Nestable – These are a very popular distribution pallet due to their space saving advantage. The legs of these pallets nest inside each other to maximize your floor space when not in use. Most nestable pallets ship 30 - 75 to an 8' stack. These pallets are suited for distribution systems, warehouse w. i. p. pallets, storage, raising floor levels, or any general applications.
Export pallet – Available in both stackable and nestable versions. Inexpensive plastic pallets designed for one-way shipments or general light warehouse and storage use. The most cost effective pallets are manufactured in a 40 x 48 size to “cube out” shipping containers. They vary greatly in weight capacities and life expectancy.
Drum pallets – These plastic pallets are specifically designed to handle four fifty-gallon drums. Drum pallets are available in a variety of qualities from export to spill containment.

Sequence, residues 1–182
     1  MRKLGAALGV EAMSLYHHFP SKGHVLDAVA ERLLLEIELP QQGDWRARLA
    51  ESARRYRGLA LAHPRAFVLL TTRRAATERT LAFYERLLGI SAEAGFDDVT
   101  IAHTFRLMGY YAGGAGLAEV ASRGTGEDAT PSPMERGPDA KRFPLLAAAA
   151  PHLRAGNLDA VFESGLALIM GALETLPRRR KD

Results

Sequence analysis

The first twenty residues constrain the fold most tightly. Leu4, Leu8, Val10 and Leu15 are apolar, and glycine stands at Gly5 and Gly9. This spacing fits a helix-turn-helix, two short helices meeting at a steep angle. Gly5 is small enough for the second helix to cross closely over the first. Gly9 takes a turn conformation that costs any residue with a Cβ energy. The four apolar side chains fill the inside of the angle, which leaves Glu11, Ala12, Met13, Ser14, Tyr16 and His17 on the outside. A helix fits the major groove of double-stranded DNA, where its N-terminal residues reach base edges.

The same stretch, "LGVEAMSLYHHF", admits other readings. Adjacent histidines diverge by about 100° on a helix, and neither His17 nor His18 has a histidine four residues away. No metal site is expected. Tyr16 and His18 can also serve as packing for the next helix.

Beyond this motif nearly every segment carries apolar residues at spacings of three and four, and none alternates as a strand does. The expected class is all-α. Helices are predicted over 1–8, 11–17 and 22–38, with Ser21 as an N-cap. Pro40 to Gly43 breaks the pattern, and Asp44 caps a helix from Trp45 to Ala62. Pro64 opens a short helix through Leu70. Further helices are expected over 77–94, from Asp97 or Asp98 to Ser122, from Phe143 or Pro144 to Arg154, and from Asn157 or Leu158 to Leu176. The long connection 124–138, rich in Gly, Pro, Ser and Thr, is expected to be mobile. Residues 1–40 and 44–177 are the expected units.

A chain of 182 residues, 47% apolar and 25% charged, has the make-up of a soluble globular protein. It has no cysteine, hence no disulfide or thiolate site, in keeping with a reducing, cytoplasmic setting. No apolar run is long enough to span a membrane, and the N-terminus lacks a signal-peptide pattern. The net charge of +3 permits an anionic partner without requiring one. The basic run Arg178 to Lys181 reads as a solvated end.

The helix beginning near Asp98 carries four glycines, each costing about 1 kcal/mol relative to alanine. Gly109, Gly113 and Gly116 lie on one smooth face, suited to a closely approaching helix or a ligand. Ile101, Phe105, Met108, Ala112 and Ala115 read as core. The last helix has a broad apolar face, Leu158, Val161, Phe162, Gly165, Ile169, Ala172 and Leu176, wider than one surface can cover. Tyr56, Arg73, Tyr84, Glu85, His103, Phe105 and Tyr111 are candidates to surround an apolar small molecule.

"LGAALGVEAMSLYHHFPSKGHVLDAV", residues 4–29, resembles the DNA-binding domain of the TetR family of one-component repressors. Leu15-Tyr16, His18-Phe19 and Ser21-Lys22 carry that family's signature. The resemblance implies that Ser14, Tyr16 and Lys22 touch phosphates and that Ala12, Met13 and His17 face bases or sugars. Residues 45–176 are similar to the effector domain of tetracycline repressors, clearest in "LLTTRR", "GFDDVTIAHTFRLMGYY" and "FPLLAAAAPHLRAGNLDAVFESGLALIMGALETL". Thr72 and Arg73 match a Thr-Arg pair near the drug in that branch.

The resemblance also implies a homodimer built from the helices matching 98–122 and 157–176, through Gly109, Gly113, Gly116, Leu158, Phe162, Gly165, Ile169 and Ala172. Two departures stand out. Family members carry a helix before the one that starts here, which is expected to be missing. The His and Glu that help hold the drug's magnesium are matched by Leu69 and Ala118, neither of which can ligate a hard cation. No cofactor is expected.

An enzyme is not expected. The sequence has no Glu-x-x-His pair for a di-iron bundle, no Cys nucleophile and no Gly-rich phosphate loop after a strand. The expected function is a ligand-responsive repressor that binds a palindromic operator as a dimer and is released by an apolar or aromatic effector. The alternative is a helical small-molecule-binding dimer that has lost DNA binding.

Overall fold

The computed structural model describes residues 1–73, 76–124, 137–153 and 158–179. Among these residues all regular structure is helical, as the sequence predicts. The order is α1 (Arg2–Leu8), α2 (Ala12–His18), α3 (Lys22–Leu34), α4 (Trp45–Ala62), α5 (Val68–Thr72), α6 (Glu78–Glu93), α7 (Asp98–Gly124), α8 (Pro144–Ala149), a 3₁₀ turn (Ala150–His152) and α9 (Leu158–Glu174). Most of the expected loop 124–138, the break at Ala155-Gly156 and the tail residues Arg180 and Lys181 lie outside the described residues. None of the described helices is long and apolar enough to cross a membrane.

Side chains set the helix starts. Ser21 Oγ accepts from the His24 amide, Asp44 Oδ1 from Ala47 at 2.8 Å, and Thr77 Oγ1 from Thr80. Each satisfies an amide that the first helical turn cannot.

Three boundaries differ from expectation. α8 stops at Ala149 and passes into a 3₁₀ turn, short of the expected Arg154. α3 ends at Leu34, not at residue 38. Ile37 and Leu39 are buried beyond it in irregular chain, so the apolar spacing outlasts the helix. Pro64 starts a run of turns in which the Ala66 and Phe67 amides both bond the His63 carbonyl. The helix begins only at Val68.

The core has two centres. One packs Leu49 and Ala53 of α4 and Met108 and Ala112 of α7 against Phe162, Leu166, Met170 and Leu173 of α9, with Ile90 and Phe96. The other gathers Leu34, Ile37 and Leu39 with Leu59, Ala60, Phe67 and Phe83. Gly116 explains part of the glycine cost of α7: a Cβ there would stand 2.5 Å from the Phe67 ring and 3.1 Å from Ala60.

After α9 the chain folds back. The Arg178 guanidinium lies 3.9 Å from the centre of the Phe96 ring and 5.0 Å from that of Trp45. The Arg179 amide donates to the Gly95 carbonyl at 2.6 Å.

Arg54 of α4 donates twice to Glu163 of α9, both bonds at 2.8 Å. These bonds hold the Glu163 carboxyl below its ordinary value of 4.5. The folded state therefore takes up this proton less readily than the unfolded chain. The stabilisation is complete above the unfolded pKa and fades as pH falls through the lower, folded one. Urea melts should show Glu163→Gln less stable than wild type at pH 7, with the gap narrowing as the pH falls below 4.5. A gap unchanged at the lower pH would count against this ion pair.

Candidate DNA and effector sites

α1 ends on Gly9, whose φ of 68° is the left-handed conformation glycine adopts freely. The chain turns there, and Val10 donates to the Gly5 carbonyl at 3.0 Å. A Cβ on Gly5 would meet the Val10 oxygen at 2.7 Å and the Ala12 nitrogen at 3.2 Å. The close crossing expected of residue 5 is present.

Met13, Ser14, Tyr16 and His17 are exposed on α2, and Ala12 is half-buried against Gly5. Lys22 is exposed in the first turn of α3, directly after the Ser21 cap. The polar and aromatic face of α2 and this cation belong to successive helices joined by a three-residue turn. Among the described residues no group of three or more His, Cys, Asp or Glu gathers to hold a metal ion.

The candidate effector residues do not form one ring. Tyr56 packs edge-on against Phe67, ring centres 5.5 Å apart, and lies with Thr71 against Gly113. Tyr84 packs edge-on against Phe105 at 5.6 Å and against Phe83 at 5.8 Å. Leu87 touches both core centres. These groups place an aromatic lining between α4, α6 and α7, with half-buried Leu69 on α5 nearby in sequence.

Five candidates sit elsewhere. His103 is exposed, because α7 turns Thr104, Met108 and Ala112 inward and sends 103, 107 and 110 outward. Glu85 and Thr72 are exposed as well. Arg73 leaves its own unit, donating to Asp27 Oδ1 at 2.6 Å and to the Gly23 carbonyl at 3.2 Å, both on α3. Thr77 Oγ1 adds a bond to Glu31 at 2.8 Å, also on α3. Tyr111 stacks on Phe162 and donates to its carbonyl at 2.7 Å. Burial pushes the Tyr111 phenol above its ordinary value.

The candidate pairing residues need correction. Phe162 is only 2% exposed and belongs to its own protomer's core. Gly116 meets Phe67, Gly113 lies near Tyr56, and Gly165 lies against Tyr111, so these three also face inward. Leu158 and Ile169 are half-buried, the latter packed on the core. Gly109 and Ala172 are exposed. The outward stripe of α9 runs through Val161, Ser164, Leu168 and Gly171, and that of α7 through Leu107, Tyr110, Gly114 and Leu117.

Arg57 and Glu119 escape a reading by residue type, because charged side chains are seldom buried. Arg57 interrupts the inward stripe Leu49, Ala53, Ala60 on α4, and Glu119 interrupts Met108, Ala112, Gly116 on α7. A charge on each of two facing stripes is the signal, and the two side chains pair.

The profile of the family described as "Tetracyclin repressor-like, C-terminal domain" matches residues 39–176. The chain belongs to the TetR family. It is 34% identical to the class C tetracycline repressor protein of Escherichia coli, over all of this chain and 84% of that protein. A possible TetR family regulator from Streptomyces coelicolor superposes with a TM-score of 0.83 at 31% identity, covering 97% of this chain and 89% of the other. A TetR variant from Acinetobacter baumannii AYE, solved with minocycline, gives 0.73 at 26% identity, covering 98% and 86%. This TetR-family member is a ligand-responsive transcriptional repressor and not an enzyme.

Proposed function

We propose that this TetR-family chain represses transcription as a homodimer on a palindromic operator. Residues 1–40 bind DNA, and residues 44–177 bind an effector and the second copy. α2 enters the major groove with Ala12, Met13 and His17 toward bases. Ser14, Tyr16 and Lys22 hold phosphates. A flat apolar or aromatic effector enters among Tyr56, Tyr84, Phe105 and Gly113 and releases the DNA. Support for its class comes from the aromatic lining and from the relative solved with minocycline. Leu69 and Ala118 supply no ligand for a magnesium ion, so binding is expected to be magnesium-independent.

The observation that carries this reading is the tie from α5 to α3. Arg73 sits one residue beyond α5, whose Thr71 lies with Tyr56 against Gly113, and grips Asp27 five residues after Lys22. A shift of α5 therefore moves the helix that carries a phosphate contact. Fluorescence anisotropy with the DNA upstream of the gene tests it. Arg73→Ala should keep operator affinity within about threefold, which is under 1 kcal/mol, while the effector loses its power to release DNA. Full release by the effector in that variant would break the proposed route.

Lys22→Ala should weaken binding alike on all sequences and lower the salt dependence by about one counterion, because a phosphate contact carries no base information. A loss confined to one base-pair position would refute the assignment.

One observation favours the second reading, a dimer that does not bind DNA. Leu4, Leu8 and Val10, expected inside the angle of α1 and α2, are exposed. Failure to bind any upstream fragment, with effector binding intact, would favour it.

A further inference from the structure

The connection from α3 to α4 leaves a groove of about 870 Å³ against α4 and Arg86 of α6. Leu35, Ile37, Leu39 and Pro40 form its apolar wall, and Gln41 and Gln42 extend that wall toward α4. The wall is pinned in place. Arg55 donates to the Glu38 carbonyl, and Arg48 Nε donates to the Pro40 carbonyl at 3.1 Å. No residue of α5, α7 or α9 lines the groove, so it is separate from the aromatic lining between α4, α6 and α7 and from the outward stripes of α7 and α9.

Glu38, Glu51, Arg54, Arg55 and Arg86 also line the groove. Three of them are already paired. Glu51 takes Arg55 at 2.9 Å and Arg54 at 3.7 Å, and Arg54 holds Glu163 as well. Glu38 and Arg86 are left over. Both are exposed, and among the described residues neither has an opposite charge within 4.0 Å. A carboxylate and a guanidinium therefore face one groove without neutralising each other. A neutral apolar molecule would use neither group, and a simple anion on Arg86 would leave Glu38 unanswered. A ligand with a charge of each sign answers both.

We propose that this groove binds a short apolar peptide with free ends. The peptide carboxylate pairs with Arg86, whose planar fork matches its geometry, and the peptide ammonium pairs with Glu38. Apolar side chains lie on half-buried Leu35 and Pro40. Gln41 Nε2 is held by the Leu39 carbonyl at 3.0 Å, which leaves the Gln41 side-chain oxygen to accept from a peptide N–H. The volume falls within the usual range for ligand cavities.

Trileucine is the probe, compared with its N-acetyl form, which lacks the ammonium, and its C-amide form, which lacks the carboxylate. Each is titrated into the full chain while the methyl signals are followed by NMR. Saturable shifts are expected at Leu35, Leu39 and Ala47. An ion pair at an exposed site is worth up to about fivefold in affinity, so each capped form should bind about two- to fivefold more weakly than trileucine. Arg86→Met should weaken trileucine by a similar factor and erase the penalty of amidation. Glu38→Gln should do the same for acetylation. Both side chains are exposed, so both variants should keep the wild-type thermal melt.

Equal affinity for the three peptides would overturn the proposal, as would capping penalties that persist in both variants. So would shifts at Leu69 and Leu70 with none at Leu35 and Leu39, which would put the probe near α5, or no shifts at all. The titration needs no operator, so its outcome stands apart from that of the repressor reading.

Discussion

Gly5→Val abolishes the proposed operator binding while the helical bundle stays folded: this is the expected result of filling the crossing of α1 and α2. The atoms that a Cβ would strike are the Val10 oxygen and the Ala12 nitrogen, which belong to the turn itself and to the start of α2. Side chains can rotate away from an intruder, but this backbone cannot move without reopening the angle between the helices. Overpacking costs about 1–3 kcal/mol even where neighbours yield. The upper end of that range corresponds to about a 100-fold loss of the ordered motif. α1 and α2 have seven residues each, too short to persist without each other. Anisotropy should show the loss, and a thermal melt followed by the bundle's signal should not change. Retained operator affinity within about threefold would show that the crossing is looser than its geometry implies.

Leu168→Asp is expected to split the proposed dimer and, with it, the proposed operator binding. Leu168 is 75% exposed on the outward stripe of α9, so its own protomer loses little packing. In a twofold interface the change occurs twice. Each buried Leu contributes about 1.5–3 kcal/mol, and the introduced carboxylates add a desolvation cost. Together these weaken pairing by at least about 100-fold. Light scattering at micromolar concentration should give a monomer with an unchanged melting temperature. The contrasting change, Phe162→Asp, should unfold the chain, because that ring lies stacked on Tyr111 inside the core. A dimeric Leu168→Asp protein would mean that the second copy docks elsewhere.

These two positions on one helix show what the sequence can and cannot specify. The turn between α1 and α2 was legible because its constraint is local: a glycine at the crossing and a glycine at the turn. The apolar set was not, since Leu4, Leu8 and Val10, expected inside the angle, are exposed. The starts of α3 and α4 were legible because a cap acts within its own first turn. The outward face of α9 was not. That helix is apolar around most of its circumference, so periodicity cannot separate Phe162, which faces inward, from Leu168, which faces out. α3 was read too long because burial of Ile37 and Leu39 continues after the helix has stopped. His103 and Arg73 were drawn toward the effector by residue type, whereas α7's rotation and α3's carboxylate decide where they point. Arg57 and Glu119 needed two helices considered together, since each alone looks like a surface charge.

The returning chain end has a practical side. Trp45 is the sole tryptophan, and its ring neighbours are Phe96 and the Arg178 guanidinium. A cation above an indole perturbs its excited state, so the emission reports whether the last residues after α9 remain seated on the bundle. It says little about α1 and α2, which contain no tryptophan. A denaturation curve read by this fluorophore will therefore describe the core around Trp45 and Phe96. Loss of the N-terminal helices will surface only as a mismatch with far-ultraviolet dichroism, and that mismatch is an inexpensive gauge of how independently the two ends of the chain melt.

Solid deck pallets – They are just that, the deck or top of the pallet is solid plastic. These are available in a variety of configurations. Options also include reinforcement bars to handle the heavy loads, anti skid surfaces, and perimeter lips to keep your load in place.
Plastic pallets are available in two different qualities. Export pallets are manufactured with materials that are not meant to last. Export pallets are not uniform in color, nor plastic content. Warehouse use pallets are generally manufactured with PE and or PP content, from post industrial waste. If you see a pallet in a color other than black and gray, there is a very high probability that the pallet is manufactured with virgin plastics making it a very expensive pallet. Plastic pallets are a green alternative to wood as most are not only recycled content but recyclable as well.
There is no clear documented time at which plastic pallets first appeared, but the consensus in the pallet industry is that they most likely appeared in the United States after World War II. Credit is given to retired B-29 captain Leo Nathans for creating plastic pallets for the auto industry to ship car parts when plastic pallets were a precious commodity due to war effort.